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Eepster's comment on encouraging your daughter to do math the way that comes naturally to her was exactly on target for my son, also. Trickier in practice, for us, at least in a school setting; asking the teacher to teach differently wasn't a good solution (for reasons that are too complicated to get into here, and hopefully not relevant to the OP).

DS was less receptive to casual encouragement to do the exact kind of problems his teacher had set in different ways and more receptive to doing mental math for different, harder problems.

Greg Tang has some picture books that might be a good fit, if you are looking for summer enrichment.

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#44 of 100 Old 06-20-2010, 08:06 AM
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i think that the updating changes the facts a bit. that is to say, some children do learn math in a non-visual way (counting on fingers being visual), and your child might be one of them, who was then encouraged to learn it in a different way.

i had a similar experience in jr high. i was in the pre algebra class, and learned a specific method of doing this one method of problem solving. i then switched schools, and had to take prealgebra again, because they didn't teach algebra there. the teacher at the new school taught a different method for solving the problems. knowing two methods, i preferred the first one i was taught. i asked the teacher if i could use that method. her answer: no.

each test question and homework question was graded in components. essentially, the answer wasn't the only part graded, but how you arrived at the answer. thus, if you ddi the figuring basically right, but had a subtraction error in the middle (leading to teh wrong numerical result) you could still get nearly full credit for the problem. the answer would be wrong--docking off one point of five, but there would be no points taken for a subtraction error, simply a reminder to be careful with the basics.

now, i preferred the first method because 1. it made sense to my mind, and 2. i was used to it. it took me quite a bit of work to 'untrain' myself from the original method, because the teacher would dock 4 points for using that method, even fi the answer was correct. so, i had to learn how to use it.

it was a nightmare for me. i would end up always figuring wrong somewhere in the third or fourth step (subtraction errors), and then having the wrong answer in the end, and given remedial work in subtraction.

my father then suggested that i do the two methods side-by-side. this way, i could figure the right answer with the method with which i was comfortable, and then apply her method and "check" it against the method i prefer. luckily, i was quick at the first method, but i would often be the last to finish the test.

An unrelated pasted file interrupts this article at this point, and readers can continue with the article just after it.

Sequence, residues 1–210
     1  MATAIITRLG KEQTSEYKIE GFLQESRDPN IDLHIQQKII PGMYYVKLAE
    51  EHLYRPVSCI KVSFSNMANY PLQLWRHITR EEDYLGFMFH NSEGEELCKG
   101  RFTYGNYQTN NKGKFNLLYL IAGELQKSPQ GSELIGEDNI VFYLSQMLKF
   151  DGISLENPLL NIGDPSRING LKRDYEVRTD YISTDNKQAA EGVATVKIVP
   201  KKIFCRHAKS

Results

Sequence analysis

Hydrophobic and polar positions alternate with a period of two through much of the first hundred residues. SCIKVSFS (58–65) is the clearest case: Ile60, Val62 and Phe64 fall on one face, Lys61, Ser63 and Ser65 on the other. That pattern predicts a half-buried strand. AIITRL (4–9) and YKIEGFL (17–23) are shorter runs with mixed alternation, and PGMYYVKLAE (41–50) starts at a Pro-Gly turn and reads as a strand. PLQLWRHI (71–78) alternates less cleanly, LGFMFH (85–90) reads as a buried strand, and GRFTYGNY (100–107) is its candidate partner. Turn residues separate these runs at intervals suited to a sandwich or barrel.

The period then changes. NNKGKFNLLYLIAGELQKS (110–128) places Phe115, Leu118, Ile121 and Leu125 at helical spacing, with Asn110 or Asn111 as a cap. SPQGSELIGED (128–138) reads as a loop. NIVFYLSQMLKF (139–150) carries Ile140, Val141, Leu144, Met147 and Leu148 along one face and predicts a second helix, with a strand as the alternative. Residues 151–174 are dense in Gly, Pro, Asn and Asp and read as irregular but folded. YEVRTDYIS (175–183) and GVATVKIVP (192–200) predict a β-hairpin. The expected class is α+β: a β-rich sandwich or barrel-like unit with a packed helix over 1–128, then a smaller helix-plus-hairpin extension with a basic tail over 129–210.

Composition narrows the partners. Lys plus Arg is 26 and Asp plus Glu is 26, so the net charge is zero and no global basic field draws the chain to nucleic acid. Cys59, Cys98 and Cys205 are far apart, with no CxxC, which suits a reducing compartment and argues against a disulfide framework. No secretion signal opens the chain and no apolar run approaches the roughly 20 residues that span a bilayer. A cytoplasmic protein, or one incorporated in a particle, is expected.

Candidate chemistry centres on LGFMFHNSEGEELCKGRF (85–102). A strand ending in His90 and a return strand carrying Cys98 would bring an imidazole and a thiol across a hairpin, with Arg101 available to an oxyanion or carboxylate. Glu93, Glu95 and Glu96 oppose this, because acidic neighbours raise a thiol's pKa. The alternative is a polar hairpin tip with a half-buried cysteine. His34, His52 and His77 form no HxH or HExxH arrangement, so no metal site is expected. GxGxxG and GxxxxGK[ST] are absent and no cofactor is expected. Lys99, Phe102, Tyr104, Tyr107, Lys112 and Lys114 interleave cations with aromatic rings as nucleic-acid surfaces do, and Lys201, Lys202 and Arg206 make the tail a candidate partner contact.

the teacher tried to take points for my alternative method, but my father stepped in and told her no. he essentially said i was doing double work to please her grading system, but it was more important to him that i got the math problems right, than i learned her preferred method.

i had a lot of problems at that school. LOL

anyway, i can understand being concerned about your daughter doing math in a way that is now antithesis to how her mind works with math. it would bother me also. but, i would let it go, and also see if i can find ways to encourage her in math back to her own methods.

if that makes any sense. LOL
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#45 of 100 Old 06-20-2010, 11:16 AM
 
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if that makes any sense. LOL
I never understood that. (I understood your story...just not the mindset of the teacher). Our job is to inspire a love of learning. If the teacher does not love learning something from the student (she obviously didn't want to know your way) then why would the student want to learn from the teacher?
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#46 of 100 Old 06-20-2010, 11:40 PM - Thread Starter
 
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Thank you, everyone, for continuing to post. It is very helpful and heartening to read them.
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#47 of 100 Old 06-21-2010, 12:23 AM
 
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I never understood that. (I understood your story...just not the mindset of the teacher). Our job is to inspire a love of learning. If the teacher does not love learning something from the student (she obviously didn't want to know your way) then why would the student want to learn from the teacher?